History of Basketball
Dr. James Naismith, Inventor of Basketball
Dr. James Naismith is known world-wide as the inventor of basketball.
He was born in 1861 in Ramsay township, near Almonte, Ontario, Canada.
The concept of basketball was born from Naismith's school days in the area
where he played a simple child's game known as duck-on-a-rock outside his
one-room schoolhouse. The game involved attempting to knock a "duck" off
the top of a large rock by tossing another rock at it. Naismith went on
to attend McGill University in Montreal, Quebec, Canada.
After serving as McGill's Athletic Director, James Naismith moved on to
the YMCA Training School in Springfield, Massachusetts, USA in 1891, where
the sport of basketball was born. In Springfield, Naismith was faced with
the problem of finding a sport that was suitable for play inside during
the Massachusetts winter for the students at the School for Christian
Workers. Naismith wanted to create a game of skill for the students
instead of one that relied solely on strength. He needed a game that
could be played indoors in a relatively small space. The first game was
played with a soccer ball and two peach baskets used as goals.
James Naismith devised a set of thirteen rules of basketball:
- The ball may be thrown in any direction with one or both hands.
- The ball may be batted in any direction with one or both hands, but
never with the fist.
- A player cannot run with the ball. The player must throw it from the
spot on which he catches it, allowance to be made for a man running at
- The ball must be held in or between the hands. The arms or body must
not be used for holding it.
- No shouldering, holding, pushing, striking or tripping in any way of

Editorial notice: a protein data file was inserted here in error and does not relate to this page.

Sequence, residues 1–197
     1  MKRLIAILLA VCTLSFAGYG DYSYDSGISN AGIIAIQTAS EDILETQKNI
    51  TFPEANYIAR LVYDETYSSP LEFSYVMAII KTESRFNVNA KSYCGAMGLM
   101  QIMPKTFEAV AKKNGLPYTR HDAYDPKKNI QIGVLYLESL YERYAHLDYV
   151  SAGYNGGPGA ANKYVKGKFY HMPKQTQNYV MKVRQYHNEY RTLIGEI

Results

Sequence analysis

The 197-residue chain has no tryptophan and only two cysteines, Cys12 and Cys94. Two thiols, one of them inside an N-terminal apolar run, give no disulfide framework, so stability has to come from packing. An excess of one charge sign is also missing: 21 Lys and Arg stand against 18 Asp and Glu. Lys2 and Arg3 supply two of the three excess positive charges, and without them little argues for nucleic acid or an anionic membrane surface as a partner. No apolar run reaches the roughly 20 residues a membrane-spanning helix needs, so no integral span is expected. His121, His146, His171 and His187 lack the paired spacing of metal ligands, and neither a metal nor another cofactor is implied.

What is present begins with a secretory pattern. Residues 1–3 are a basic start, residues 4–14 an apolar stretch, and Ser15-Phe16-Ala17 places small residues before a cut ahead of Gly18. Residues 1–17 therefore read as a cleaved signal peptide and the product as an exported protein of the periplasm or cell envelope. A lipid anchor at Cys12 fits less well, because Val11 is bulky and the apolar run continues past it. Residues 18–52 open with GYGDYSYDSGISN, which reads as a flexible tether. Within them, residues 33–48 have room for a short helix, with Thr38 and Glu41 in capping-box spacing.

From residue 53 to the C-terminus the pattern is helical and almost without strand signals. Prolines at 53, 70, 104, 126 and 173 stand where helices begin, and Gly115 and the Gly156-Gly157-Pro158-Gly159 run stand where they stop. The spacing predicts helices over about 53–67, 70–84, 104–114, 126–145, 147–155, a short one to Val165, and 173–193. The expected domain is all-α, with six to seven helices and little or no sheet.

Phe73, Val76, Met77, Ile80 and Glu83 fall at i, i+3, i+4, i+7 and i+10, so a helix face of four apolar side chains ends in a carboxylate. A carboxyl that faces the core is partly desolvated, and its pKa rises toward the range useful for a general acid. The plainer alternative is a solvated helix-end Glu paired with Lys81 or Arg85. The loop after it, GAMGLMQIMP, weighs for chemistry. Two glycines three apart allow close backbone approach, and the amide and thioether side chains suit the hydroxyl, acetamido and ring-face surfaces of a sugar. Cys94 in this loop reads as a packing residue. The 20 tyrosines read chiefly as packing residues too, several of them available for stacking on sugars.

an opponent. The first infringement of this rule by any person shall count
as a foul; the second shall disqualify him until the next goal is made or,
if there was evident intent to injure the person, for the whole of the
game. No substitution shall be allowed.
- A foul is striking at the ball with the fist, violations of Rules 3
and 4 and such as described in Rule 5.
- If either side make three consecutive fouls it shall count as a goal
for the opponents (consecutive means without the opponents in the meantime
making a foul).
- Goal shall be made when the ball is thrown or batted from the ground
into the basket and stays there, providing those defending the goal do not
touch or disturb the goal. If the ball rests on the edge and the opponents
move the basket, it shall count as a goal.
- When the ball goes out of bounds, it shall be thrown into the field
and played by the first person touching it. In case of dispute the umpire
shall throw it straight into the field. The thrower-in is allowed five
seconds. If he holds it longer, it shall go to the opponent. If any side
persists in delaying the game, the umpire shall call a foul on them.
- The umpire shall be judge of the men and shall note the fouls and
notify the referee when three consecutive fouls have been made. He shall
have the power to disqualify men according to Rule 5.
- The referee shall be the judge of the ball and decide when it is in
play in bounds, to which side it belongs, and shall keep the time. He
shall decide when a goal has been made and keep account of the goals with
any other duties that are usually performed by a referee.
- The time shall be two 15-minute halves with five minutes' rest
- The side making the most goals in that time shall be declared the
In addition to the creation of the basketball, James Naismith graduated
as a medical doctor, primarily interested in sports physiology and what we
would today call sports science and as Presbyterian minister, with a keen
interest in philosophy and clean living. Naismith watched his sport,
basketball, introduced in many nations by the YMCA movement as early as
1893. Basketball was introduced at the Berlin Olympics in 1936. Today
basketball has grown to become one of the world's most popular